in the family

(all) in the family

restricted to one's own family, as with private or embarrassing information. Don't tell anyone else. Please keep it all in the family. He only told his brother because he wanted it to remain in the family.
See also: family
References in classic literature ?
These questions, then as now, existed only for those who see nothing in marriage but the pleasure married people get from one another, that is, only the beginnings of marriage and not its whole significance, which lies in the family.
Elzbieta had some traditions behind her; she had been a person of importance in her girlhood--had lived on a big estate and had servants, and might have married well and been a lady, but for the fact that there had been nine daughters and no sons in the family.
It had been handed down from father to son; for the singular clause of the only will that had been found, had caused it to be regarded as a genuine relic, preserved in the family with superstitious veneration.
And though he had to be loaded with lands and gold and made an ancestor of dukes, the elf-shaped ear is still recurrent in the family.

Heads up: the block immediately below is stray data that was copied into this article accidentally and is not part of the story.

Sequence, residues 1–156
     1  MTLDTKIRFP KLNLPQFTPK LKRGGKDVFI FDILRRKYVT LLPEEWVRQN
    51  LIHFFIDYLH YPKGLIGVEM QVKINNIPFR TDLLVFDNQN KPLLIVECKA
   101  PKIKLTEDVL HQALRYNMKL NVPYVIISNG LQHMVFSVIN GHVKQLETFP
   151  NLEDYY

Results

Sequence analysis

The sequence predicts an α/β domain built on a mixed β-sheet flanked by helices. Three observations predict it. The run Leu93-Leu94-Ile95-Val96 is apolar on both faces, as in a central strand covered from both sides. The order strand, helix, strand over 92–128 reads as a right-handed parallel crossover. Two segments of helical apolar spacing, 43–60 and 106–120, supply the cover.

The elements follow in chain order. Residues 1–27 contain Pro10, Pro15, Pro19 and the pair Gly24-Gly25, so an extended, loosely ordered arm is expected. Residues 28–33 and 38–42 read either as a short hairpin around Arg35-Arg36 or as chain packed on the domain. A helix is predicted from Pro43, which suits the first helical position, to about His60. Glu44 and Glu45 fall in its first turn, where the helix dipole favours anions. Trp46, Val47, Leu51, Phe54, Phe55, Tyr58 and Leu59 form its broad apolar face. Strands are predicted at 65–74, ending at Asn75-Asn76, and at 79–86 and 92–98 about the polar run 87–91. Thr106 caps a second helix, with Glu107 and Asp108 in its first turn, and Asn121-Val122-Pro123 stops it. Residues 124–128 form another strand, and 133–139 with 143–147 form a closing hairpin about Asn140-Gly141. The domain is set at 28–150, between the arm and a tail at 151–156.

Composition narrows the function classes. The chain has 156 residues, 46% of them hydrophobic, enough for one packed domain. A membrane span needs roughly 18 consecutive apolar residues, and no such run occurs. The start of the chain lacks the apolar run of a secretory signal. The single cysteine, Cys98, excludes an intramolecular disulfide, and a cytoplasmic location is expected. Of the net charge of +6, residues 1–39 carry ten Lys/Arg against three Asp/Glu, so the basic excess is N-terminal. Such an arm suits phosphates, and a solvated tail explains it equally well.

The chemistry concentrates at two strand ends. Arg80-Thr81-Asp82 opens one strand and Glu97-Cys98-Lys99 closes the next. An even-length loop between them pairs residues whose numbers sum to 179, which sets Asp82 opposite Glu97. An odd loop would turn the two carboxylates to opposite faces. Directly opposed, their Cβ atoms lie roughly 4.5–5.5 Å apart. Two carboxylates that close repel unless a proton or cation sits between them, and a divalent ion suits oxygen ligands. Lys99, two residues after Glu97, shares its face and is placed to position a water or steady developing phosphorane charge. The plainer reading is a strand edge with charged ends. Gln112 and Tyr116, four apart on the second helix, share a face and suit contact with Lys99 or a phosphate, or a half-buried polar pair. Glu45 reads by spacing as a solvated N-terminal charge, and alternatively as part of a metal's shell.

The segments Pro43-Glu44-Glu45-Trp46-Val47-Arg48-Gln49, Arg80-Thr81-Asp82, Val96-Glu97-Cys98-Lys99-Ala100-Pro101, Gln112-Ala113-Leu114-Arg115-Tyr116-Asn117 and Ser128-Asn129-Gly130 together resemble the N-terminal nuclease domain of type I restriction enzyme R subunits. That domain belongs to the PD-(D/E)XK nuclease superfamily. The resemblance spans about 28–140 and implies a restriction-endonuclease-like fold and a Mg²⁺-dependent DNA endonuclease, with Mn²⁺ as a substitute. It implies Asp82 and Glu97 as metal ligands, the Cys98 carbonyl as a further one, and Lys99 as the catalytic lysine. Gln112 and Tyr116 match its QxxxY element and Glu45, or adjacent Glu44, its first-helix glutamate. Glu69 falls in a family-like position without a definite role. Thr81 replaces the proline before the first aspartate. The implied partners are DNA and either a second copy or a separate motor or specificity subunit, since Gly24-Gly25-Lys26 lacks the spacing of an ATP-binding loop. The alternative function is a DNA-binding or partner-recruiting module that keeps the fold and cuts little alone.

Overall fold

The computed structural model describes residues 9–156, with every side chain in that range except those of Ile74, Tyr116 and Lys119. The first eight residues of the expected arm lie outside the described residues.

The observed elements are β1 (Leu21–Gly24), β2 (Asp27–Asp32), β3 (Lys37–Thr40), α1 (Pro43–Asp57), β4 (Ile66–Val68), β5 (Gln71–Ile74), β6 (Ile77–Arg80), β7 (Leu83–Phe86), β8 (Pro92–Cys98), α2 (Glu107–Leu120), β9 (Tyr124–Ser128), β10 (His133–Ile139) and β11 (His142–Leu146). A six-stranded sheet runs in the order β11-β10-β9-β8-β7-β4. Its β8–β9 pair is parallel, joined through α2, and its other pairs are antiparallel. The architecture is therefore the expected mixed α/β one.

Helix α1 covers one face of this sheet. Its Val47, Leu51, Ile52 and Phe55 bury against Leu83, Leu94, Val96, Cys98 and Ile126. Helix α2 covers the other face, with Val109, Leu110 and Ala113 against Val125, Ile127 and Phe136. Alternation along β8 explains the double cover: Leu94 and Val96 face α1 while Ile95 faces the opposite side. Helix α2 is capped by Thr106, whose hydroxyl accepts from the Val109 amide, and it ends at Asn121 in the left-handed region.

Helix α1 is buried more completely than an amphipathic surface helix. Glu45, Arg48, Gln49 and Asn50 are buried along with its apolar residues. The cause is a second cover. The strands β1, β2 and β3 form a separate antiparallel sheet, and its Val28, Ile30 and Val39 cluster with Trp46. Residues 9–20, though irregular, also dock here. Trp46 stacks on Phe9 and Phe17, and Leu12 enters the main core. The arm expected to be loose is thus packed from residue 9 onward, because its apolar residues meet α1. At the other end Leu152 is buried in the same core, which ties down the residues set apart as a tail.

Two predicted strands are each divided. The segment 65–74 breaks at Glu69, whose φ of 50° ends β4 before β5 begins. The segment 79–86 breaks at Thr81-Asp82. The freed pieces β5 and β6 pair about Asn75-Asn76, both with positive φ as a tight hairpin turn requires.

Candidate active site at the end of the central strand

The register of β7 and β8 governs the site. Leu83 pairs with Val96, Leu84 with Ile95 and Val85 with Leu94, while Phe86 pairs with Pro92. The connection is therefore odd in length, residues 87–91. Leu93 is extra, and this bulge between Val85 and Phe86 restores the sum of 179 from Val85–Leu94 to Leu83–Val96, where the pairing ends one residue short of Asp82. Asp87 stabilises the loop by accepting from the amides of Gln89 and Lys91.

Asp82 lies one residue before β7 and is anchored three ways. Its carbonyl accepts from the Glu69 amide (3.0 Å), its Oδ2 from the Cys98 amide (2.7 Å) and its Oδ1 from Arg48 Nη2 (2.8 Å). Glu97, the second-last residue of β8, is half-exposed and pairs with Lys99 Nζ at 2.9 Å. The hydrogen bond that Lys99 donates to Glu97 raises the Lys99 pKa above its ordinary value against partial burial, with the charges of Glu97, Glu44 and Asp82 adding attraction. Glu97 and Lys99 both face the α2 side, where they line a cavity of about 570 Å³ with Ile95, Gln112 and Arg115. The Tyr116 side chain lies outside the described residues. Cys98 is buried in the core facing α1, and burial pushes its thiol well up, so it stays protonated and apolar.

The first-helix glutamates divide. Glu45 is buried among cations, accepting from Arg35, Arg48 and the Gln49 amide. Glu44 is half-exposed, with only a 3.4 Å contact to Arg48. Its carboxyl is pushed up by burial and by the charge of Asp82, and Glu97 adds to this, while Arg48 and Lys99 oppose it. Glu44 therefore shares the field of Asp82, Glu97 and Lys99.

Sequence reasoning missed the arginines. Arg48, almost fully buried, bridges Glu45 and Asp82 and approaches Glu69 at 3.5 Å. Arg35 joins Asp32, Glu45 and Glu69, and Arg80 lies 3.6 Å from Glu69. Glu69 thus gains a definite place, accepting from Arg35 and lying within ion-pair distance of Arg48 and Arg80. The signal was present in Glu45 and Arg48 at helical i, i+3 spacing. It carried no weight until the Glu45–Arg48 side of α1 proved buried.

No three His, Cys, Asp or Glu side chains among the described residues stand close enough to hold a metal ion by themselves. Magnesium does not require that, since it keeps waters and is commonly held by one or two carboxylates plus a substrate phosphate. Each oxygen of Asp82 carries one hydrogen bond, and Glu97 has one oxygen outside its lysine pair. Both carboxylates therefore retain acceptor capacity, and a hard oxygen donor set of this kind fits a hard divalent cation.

Thorpe's interest in the family, by his sister's approaching connection with one of its members, and his own views on another (circumstances of which he boasted with almost equal openness), seemed sufficient vouchers for his truth; and to these were added the absolute facts of the Allens being wealthy and childless, of Miss Morland's being under their care, and -- as soon as his acquaintance allowed him to judge -- of their treating her with parental kindness.
When the war came on it found in the family, as in so many others in that State, a divided sentiment; the young man was loyal to the Union, the others savagely hostile.
But they had; they undoubtedly had; for the low- toned comments behind him left no doubt in Archer's mind that the young woman was May Welland's cousin, the cousin always referred to in the family as "poor Ellen Olenska.
Some had no spare room, some had a larder less well stocked than usual, some had sickness in the family, some were "unequally yoked together with unbelievers" who disliked strange ministers.
Looking at it with my friendly interest in the family, I thought it very remarkable.